Biochar

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John

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Biochar
« on: August 04, 2019, 07:25 »
Last time I looked at biochar some years ago there were precious few scientific studies I could find about it. I filed biochar under “most probably a fad”.

How wrong I was! Not the first time and it probably won’t be the last. There have been many proper studies and trials in recent years. They basically prove that biochar will improve soils and grow better crops when used correctly. Yield increases of at least 20% and often more for biochar treated land are shown.

Possibly more important, biochar may turn out to be a very useful tool for reducing atmospheric CO2 - helping reverse climate change.

I started out with the aim of re-writing my article on biochar and it ended up as three articles. Start here: Biochar & Terra Preta
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Kevin_000

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Re: Biochar
« Reply #1 on: January 11, 2020, 13:13 »
On reading the last newslsletter:
The two photos were not like for like. One appears to be a deep tropical soil and the other a temperate uncultivated soil.

My plant roots do not go down as far as 2 metres either. The photos are not like for like, one is a very deeply dug soil (or midden) and the other an uncultivated woodland type setting. It's this sort of trickery along with the drive to make Youtube money (which is a  big dirvers with the biochar Youtubers, which make me tend toward the idea that it is just the next fad.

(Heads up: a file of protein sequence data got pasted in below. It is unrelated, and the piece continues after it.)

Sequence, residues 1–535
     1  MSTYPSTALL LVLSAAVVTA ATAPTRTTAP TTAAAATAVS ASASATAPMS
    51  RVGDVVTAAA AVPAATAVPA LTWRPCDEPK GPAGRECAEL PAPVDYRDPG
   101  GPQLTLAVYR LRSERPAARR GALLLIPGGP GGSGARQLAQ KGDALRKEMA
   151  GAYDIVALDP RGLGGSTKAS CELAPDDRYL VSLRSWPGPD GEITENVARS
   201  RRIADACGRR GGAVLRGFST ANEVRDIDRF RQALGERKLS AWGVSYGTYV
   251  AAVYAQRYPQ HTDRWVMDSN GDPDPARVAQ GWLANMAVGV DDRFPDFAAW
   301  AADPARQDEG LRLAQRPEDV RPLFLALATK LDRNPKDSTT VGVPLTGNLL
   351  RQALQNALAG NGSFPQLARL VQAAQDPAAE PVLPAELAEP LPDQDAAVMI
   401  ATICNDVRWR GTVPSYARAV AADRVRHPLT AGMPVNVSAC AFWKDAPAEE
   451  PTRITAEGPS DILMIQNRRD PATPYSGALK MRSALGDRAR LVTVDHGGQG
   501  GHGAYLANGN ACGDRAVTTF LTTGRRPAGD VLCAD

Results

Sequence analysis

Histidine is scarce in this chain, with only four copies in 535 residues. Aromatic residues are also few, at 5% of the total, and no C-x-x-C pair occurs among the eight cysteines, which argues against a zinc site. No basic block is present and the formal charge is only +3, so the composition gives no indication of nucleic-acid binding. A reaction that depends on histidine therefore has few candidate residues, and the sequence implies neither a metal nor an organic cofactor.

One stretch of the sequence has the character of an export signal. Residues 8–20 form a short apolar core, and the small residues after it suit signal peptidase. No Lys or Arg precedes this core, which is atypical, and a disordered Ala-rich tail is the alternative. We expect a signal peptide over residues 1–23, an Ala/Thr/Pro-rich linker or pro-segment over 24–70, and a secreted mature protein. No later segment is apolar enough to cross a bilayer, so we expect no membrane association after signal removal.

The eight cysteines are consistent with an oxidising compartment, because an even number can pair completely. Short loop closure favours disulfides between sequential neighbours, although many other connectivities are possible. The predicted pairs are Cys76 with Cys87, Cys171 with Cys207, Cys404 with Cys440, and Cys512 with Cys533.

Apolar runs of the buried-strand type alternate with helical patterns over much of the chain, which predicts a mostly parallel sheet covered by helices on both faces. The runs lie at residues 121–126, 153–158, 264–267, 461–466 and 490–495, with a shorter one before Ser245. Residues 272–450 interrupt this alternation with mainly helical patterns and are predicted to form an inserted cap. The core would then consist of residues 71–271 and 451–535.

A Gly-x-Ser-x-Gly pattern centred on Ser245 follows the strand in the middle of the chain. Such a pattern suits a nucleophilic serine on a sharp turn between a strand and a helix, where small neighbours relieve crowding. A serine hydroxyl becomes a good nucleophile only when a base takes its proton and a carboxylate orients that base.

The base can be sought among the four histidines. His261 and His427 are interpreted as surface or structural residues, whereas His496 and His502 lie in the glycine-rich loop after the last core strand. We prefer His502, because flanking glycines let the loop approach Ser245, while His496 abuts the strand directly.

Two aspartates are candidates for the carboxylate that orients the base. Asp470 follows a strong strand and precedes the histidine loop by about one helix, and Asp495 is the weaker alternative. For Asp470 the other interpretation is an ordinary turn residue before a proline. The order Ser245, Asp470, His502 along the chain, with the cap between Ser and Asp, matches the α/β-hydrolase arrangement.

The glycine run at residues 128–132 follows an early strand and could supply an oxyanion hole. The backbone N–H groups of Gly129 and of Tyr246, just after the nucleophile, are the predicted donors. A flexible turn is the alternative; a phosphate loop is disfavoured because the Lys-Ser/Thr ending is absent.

Before I am convinced I would want to see some independent comparative studies. For example is the biochar dug in deeply and how does that compare to digging in muck and/or compost to the same depth?

Secondly: what happens to the carbon on the char? Carbon is chemically stable and does not break down easily if at all. So is it merely a neutral porous substance charged with bacteria, fungi and nutrients? If so are those flora and fauna found in composts? If not does charging compost with them produce similar results?

Lastly on the subject of flora and fauna. If one is adding exotic (e.g. non local) flora and fauna to the soil are they still present a year later?  This is important. One reads a lot about people getting hold of one hundred year old sourdough starter cultures. These have supposedly improved steadily over time developing into exotic yeasts and such which make particularly tasty bread. Research over the last ten years has found that if you remove such a culture to your own place of abode then the original yeasts and bacteria are rapidly overtaken by your local wild populations. Is this relevant to biochar?

I believe a lot more independent work needs to be done before this is a 'good way to go', especially given the environmental concerns of burning wood and the large amount of work involved.

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John

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Re: Biochar
« Reply #2 on: January 11, 2020, 17:54 »
I believe the photo montage to be accurately described but rather than argue about an illustrative image, can I suggest you scroll down the article to the end where I reference some scholarly studies. You can also look for scientific papers on Google - google scholar is very useful for getting those.
In fact - have you actually read the piece? I usually find when people ask questions more or less answered in an article they haven't actually read it.


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